Born and educated in Quebec, Pothier joined his family in Woonsocket in 1872 at the age of 18 and took a job as a clerk in a grocery store. A bright young man, he was offered a position at the Woonsocket Institution for Savings three years later. Pothier worked hard to learn all facets of the banking business becoming a teller in 1889, Vice President in 1909 and President in 1913. Pothier remained President of the Woonsocket Institution for Savings until his death in 1928. He held a similar position with the Union Trust Company of Providence.
Pothier began his political career in 1885 as a member of the Woonsocket School Board. After two terms in the Rhode Island General Assembly in 1887 and 1888, he was introduced to the world of multi-national finance in 1889 when Governor Taft asked him to be Rhode Island's delegate to the Paris Trade Exhibition.
Pothier felt that foreign investment was essential for Woonsocket to continue its industrial growth. Foreign owned mills would pay taxes to the city and paychecks to local workers, contributing millions of dollars to the local economy. It was during his first trip to Paris that Pothier probably met Belgian manufacturer Joseph Guerin. Guerin, with Pothier's help, set up the first large scale, "foreign" spinning plant in Woonsocket - the Guerin Spinning Company. Eventually, Guerin built the Guerin Mills on East School Street (now home to Tinsel Town) and his companies grew to include Alsace Spinning Company, Montrose Weaving Company, Rosemont Dying Company and the American Paper Tube Company. Pothier also met with the Lepoutre family of Roubaix, France who opened the Lafayette Worsted Company on Hamlet Avenue in 1899.
Upon his return from Paris, Pothier resumed his political career with several terms as Woonsocket City Auditor and several unsuccessful bids for Mayor. Finally, in 1893 on his forth attempt, Pothier was elected Mayor of Woonsocket - the first French Canadian to be elected to that office. Pothier served two terms as Mayor and then turned his attention to state politics in 1897 when he was elected to Lieutenant Governor.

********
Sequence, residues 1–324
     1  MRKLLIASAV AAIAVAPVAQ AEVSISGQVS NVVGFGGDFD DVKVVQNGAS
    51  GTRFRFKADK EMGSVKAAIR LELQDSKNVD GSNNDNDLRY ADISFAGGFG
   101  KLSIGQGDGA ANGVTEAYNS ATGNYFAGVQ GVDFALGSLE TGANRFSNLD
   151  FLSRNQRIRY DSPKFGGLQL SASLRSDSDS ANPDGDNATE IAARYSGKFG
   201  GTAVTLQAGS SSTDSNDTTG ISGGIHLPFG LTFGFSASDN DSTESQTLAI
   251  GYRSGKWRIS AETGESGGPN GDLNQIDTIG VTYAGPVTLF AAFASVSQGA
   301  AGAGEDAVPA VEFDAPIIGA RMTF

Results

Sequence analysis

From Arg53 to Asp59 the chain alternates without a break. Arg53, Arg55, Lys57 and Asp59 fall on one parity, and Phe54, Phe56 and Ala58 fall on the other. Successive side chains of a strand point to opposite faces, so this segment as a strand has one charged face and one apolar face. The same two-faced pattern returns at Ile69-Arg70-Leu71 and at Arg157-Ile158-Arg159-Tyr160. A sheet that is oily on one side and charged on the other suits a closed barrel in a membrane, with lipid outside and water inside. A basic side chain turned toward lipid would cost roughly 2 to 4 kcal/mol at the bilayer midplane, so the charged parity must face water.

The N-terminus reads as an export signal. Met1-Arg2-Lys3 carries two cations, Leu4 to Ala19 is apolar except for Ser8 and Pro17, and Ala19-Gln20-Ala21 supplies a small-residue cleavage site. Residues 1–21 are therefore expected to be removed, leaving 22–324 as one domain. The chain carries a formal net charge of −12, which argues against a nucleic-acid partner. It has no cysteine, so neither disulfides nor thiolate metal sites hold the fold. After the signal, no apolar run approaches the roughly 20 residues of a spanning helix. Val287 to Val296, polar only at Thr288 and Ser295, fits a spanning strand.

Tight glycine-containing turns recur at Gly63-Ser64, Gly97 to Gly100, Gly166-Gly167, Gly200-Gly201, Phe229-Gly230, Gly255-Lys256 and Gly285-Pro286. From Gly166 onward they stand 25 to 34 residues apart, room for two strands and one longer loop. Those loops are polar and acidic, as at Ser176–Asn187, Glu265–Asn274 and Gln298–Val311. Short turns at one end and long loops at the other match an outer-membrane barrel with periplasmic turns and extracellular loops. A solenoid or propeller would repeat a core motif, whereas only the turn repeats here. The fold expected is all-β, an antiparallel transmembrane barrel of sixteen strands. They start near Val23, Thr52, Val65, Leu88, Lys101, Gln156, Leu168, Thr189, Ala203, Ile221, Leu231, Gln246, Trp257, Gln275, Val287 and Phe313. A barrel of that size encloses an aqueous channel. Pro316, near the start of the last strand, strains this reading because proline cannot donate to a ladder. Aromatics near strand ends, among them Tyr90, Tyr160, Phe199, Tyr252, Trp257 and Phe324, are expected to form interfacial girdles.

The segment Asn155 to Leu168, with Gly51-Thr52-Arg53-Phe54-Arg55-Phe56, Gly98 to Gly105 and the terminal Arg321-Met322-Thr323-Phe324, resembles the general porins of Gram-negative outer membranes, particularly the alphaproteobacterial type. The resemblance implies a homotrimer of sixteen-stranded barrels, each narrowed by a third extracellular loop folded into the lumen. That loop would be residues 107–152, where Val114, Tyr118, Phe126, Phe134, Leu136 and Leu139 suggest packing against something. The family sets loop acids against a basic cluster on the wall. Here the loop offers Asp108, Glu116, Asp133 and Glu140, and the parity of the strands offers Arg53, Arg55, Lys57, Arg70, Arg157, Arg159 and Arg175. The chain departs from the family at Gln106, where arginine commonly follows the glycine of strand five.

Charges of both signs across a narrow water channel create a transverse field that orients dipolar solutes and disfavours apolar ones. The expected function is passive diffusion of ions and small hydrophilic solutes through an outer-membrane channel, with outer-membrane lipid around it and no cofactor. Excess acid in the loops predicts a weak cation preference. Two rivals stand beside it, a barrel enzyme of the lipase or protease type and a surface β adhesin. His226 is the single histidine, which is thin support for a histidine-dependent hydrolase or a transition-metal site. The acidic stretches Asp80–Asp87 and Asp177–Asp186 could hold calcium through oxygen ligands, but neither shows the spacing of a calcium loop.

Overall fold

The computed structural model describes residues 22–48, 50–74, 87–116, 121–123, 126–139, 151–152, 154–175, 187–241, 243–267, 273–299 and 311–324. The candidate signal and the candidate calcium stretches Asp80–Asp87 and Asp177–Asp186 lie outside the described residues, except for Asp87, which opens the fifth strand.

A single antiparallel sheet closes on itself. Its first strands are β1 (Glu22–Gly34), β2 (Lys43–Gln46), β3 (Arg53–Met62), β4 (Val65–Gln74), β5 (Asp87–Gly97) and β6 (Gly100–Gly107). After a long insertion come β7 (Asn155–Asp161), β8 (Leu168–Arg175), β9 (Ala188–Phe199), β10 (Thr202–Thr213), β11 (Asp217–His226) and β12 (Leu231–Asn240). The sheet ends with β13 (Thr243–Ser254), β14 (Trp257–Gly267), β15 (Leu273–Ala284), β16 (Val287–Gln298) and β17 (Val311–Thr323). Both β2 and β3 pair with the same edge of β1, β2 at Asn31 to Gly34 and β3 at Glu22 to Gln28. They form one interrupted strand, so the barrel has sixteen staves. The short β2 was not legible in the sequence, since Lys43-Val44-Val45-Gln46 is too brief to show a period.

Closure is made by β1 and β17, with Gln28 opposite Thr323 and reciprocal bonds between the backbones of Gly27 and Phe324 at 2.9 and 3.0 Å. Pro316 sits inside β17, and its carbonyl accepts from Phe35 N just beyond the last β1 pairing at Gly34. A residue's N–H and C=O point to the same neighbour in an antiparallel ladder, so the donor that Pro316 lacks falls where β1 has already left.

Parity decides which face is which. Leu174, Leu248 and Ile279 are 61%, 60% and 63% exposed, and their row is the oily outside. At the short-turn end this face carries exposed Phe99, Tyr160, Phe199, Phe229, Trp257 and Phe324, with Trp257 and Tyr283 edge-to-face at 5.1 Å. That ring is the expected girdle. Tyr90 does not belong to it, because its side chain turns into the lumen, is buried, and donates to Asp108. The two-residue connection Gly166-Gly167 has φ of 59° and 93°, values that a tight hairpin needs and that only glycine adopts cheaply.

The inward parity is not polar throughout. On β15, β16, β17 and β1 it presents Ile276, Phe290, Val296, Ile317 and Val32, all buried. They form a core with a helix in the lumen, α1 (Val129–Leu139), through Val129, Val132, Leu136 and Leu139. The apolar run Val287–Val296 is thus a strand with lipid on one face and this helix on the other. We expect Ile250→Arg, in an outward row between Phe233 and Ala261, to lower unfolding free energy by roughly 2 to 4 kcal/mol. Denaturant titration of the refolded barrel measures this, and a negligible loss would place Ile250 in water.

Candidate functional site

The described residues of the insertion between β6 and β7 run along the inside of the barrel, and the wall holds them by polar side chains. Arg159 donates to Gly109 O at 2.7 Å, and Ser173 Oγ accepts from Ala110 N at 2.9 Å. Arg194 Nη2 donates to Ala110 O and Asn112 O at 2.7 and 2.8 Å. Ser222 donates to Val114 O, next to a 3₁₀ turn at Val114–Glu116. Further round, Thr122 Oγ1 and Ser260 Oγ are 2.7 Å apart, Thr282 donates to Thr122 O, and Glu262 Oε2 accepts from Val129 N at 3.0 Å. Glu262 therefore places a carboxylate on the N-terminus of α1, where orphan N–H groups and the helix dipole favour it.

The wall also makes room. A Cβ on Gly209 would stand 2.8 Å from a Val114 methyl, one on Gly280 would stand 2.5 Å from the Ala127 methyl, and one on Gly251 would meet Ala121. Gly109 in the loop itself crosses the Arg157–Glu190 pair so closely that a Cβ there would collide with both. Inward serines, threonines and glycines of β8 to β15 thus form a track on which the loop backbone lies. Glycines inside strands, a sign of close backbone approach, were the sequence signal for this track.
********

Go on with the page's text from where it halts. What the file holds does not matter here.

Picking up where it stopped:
In 1899, Pothier was again appointed to be the Rhode Island Delegate to the International Trade Exposition in Paris. On this trip, Pothier met his future wife, M. Francoise de Charmigny. They would marry two years later in Bridgeport, Connecticut. Pothier also met with important French manufacturers including the Tiberhien Family of Tourcoing who set up the huge French Worsted Company on Hamlet Avenue a few years later. In all, Pothier is credited with bringing $6,000,000 in foreign investment to Woonsocket.
Pothier returned to statewide politics in 1908 when he was elected to his first term as Governor. He ran and was elected a total of seven times serving four one year and one two year terms from 1909 to 1915. He was elected again in 1924 and served until 1928.
While he was Governor, Pothier had a profound impact on the State of Rhode Island. He reorganized the state's financial structure making it more efficient, revamped the Port of Providence spurring the economic development of the Narragansett Bay and established the Rhode Island State Police. Pothier also fought for and a won a change from one to two year terms for state office holders.
Pothier was serving his seventh term as Governor when he died in 1928. He lived much of his life at his house on Pond Street. He is buried in the Pothier Mausoleum in the Precious Blood Cemetery. A monument to him was recently erected outside of the Museum of Work & Culture.
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